ancient egypt: history and culture
Ancient Egyptian bestiary: Swans
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Source: Davis - The Tombs of Harmhabi and Touatankhamanou.-
Wooden swan
Tomb of Horemheb, KV 57
Source: Theodore M. Davis et al. The Tombs of Harmhabi and Touatânkhamanou. London 1912, pl. LXXVII.

      Unlike various kinds of geese and ducks, swans are not indigenous to Egypt. Only occasionally stray Mute Swans (Cygnus olor) and Whooper Swans (Cygnus cygnus) into the country, wintering there. Depictions of them are accordingly rare. In the tomb of Kagemni a man is shown force-feeding what looks like a swan, while another swan is trying to bite the man.
    The Egyptian term for 'swan' is uncertain, though SnSn (translit. DnDn) has been proposed to denote the whooper swan, based on the name's similarity to a coptic word meaning 'to sing'.[2]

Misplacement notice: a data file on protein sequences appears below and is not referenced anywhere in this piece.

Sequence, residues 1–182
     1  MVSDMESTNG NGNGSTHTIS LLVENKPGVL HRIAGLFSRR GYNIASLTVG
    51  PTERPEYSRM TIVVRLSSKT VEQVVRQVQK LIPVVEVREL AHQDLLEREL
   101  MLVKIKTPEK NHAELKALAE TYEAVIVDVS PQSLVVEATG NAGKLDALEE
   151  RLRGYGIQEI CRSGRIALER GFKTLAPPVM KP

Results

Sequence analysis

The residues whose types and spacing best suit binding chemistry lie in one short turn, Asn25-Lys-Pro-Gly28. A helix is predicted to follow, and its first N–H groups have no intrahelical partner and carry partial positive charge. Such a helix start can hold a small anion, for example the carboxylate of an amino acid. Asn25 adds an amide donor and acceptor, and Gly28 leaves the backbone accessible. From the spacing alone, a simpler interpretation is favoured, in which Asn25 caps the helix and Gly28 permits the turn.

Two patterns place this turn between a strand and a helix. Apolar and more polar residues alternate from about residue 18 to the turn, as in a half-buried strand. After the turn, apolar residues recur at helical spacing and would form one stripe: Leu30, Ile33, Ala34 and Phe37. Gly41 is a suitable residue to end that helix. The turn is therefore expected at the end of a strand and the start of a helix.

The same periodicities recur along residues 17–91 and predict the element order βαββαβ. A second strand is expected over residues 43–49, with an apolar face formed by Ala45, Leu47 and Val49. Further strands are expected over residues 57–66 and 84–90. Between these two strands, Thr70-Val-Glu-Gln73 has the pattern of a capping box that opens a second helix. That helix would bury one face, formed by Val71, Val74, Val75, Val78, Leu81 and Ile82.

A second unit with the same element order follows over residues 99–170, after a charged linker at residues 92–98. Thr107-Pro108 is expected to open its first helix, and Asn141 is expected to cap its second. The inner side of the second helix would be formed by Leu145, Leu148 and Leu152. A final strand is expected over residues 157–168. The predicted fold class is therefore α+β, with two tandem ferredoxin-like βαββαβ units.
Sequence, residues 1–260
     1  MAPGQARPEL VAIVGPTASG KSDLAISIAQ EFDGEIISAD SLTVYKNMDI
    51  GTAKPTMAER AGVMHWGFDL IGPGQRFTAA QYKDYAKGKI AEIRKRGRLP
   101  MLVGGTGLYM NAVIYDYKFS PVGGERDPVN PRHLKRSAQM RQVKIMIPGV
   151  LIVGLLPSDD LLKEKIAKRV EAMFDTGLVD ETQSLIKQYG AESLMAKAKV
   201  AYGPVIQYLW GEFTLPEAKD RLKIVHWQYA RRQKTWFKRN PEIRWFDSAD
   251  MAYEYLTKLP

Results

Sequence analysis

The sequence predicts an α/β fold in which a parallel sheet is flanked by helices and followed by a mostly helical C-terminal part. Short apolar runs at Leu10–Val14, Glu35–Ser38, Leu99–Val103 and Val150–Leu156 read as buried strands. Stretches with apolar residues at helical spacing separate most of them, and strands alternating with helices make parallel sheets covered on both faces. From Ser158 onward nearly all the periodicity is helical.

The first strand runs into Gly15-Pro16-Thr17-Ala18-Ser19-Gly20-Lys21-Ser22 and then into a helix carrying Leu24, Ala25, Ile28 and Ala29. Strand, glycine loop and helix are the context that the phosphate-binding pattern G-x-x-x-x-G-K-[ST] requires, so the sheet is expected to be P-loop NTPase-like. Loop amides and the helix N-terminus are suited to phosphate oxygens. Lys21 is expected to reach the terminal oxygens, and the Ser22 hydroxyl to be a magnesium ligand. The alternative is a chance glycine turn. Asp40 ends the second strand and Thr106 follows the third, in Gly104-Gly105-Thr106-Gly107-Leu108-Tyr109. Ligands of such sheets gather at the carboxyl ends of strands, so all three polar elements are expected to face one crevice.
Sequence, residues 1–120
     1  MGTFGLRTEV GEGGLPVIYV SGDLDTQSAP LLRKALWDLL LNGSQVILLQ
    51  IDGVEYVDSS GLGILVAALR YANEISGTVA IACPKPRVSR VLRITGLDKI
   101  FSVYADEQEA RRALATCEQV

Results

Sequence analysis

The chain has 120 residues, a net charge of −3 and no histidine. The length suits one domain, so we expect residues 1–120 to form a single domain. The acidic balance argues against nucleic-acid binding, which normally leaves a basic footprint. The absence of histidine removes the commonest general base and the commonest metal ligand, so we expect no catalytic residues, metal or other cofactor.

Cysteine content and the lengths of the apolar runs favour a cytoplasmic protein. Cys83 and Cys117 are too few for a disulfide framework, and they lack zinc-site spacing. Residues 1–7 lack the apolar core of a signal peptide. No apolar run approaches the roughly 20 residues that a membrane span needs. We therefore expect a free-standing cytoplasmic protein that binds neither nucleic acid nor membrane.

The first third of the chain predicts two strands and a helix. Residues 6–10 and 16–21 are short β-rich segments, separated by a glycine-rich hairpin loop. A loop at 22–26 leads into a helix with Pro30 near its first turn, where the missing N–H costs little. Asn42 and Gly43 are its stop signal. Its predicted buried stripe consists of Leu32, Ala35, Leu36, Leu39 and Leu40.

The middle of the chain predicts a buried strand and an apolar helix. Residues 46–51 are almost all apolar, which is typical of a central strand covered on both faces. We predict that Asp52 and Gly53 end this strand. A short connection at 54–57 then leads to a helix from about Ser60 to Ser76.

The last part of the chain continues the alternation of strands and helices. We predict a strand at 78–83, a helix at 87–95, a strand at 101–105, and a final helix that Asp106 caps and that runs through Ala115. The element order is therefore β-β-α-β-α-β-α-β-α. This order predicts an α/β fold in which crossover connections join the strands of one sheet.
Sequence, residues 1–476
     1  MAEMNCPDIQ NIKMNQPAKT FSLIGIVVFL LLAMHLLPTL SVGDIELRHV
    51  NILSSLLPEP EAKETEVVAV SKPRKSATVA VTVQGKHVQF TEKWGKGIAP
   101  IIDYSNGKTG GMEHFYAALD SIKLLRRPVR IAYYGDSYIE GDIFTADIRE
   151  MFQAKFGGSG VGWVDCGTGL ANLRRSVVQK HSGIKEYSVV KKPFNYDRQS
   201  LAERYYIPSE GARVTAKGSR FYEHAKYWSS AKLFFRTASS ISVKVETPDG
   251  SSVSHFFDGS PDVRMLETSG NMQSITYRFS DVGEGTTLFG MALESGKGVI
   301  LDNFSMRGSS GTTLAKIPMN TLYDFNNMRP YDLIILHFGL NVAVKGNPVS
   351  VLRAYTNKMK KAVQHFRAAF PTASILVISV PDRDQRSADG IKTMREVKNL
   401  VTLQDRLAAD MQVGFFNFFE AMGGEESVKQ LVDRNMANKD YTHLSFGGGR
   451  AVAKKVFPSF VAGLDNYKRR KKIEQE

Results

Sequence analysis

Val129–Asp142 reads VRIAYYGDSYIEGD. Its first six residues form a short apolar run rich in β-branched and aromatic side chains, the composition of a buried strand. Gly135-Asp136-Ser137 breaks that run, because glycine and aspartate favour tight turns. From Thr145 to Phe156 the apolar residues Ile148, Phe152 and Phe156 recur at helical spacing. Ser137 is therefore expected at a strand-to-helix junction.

axy (translit. axy) has also been suggested, the word being used in the Abydos Decree of Seti I, where the king dedicates, among other things, watery regions rich in birds to the temple of Abydos:
He has provided it with watery regions in his marshes, as numerous as sand on the beach. His temple is looked upon as the marshes of Chemmis (Akhbit) according to the screaming of the water birds, the geese and all the birds of the watery region. The axy-birds breed for him in his domain.
Nauri Stela [1]

[1] After a transliteration and German translation on the Thesaurus Linguae Aegyptiae website: Altägyptisches Wörterbuch, Berlin-Brandenburgische Akademie der Wissenschaften => Historisch-rhetorische K&oiml;nigstexte (19.Dynastie) => Nauri => Nauri-Felsstele => Abydos-Dekret
[2] Zahi A. Hawass, Mamdouh Mohamed Eldamaty, Mai Trad Egyptian Museum collections around the world, Supreme Council of Antiquities, 2002, p.84

© September 2005
October 2009